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What Keeps Us Coe-ing

Hikers hike along a creek.
Hiking along East Fork Coyote Creek in Henry Coe

The Coyote Creek watershed is home to many incredible places. The creek itself offers a refuge for multitudes of native plants and animals. From north to south there is the Don Edwards Wildlife Refuge, Watson Park, Olinder Park, Kelley Park, Hellyer Park and Anderson Lake Park to name a few. Following this trajectory, you would eventually find yourself in Henry W. Coe State Park where the Coyote Creek begins.


Hikers on forest path
Hiking through the hills 2022.

As the place of origin for one of the largest watersheds in the South San Francisco Bay Area, Henry Coe is an integral part of the Coyote Creek's overall health. Thankfully this area is one of the most pristine natural stretches of the watershed. Despite the 2020 summer fire, this state park offer's beautiful scenery abounding. Its rolling hills and expansive valleys show off a multitude of different ecosystems. Grand views can be spied on the higher peaks covered by chaparral. In its lower areas tend to be smaller creeks, often the tributaries to the Coyote Creek, and they bristle with verdant life. In the wintertime the surging creeks become a spectacle, and the leaf litter is filled with newts and ladybugs.


It's no surprise that the most popular activities in this park are hiking and backpacking. Each year, Keep Coyote Creek Beautiful (KCCB) hosts a weekend backpacking trip in early April. Though the backpacking can be fun and meaningful in its own way, this annual trip offers a unique opportunity that goes beyond what's written on paper.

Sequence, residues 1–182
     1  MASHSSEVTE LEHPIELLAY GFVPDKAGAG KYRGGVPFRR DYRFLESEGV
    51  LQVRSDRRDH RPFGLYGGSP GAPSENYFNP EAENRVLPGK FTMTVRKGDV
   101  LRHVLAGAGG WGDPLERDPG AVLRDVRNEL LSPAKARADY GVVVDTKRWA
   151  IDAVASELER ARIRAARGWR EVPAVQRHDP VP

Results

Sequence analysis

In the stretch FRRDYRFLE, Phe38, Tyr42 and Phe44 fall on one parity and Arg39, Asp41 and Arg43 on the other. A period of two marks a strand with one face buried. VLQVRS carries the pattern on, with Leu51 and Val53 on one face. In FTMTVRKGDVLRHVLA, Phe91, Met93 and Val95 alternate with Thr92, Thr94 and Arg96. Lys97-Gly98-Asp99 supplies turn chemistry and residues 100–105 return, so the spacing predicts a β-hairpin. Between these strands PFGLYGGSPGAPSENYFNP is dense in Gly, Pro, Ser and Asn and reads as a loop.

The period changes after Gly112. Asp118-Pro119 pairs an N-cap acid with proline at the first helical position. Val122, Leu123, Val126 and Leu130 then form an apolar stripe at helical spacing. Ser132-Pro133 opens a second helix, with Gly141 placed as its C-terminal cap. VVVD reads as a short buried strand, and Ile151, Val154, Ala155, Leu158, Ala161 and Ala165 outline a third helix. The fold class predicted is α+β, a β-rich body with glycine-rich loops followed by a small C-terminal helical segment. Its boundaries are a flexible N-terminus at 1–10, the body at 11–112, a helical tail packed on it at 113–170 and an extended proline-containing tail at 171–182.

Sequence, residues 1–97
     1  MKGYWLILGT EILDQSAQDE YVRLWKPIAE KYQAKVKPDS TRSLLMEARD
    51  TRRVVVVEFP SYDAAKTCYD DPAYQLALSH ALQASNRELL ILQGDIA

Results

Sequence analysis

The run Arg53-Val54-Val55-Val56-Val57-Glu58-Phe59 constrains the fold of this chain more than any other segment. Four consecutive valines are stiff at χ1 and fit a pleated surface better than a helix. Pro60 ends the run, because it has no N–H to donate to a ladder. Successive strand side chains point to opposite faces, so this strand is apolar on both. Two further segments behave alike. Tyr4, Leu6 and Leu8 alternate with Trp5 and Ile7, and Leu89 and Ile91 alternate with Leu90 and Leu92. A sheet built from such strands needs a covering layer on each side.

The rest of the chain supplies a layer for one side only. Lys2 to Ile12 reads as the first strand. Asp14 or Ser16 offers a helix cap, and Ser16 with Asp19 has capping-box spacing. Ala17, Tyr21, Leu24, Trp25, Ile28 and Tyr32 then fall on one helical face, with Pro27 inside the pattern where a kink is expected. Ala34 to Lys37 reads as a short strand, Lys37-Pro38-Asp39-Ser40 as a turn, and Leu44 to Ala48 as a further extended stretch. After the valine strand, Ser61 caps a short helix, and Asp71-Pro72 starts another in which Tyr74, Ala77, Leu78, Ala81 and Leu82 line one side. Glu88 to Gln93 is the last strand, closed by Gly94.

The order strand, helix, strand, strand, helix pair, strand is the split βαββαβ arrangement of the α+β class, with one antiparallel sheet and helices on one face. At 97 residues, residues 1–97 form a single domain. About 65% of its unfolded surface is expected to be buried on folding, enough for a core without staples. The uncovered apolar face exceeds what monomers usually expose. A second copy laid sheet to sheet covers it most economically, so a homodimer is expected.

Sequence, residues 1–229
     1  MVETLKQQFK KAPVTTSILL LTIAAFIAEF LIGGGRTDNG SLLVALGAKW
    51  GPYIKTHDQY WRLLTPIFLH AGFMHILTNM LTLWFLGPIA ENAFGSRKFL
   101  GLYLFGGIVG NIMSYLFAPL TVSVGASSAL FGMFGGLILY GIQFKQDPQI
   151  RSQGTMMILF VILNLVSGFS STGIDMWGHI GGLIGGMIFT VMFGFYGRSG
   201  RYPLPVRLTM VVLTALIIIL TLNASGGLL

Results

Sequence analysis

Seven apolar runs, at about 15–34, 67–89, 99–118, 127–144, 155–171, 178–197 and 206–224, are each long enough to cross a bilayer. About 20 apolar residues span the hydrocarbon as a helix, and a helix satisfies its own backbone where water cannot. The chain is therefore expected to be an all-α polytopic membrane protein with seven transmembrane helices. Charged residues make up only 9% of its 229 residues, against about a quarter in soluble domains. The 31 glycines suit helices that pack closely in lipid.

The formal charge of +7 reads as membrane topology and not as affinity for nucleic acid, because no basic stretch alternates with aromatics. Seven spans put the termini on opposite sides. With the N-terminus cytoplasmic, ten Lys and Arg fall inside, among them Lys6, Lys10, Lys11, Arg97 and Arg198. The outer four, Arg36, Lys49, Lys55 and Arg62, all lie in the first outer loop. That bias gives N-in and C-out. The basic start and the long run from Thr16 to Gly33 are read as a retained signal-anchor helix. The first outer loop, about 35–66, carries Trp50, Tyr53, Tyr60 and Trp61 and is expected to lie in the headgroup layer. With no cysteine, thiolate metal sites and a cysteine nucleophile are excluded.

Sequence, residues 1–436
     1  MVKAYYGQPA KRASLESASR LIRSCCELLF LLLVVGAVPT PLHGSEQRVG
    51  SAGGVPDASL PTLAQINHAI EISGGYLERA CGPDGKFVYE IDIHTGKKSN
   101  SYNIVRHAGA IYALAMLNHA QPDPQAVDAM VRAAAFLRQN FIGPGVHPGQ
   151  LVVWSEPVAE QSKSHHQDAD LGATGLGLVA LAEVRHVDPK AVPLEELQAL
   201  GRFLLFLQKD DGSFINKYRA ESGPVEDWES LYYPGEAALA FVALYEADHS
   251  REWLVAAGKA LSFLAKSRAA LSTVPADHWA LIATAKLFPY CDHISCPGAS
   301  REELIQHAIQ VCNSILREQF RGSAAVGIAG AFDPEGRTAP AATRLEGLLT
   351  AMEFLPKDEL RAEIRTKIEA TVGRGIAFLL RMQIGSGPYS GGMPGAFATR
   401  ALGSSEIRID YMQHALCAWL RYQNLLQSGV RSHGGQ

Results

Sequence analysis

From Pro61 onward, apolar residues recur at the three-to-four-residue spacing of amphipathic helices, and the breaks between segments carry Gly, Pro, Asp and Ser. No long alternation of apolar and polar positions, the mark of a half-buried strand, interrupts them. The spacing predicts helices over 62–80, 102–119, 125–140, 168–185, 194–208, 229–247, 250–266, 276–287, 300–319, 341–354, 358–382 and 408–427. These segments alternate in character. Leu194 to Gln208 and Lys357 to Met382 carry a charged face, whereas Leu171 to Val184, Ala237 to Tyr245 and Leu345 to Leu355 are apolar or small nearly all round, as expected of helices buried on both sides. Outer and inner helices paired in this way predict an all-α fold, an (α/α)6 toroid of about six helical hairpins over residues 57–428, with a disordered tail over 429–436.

Volunteers pickup litter
Team Leaders Colter and Karan picking up litter at Olinder Park.

Year round KCCB works diligently to removes literal tons of trash and pollution from the more northern sections of the creek. Seeing these heavily impacted areas, time and time again can have a negative effect on both volunteers and staff. When seen enough times, a person may be inclined to think the task of keeping Coyote Creek beautiful may be outside of their ability.


To help with this feeling, KCCB also hosts events like BioBlitzes, which help the public get excited about the local wildlife and reminds everyone of some of the reasons why we work so hard for this watershed. To that end, the backpacking trip is one of the more important events KCCB hosts. Since Henry Coe is one of the most wonderful parts of Coyote Creek, it serves as a beacon, a hope, a reminder, a promise that all of Coyote Creek will one day be this beautiful.


Hikers enjoy the view at Frog Lake. Photo Credit: Ed Miller

If you're interested in joining us for the annual backpacking trip, which is usually the first weekend of April, please send an email to Deb Kramer (deb@keepcoyotecreekbeautiful.org) or look out for it on the KCCB Eventbrite Page.


Wildflowers found on the trails of Henry Coe. Photo Credit: Ed Miller and Colter Cook


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The KCCB Backpacking Trip to Henry W. Coe State Park was my first backpacking excursion into the mountain ranges surrounding the peninsula, and with every step I was drawn deeper into the heart of the Coe landscape. I knew was experiencing a very special and sacred place. As a young man, the Sierra crest had been my place to explore and connect with the land. But, as I walked through oak-lined canyons and grassy slopes, the contrasts of bright colors bordered with darken depths of forest greens, I felt the land beckoning and I knew a connection with Henry W. Coe park was being forged. This occurred last year while on the 2023 KCCB Backpacking Trip. Now, after complet…

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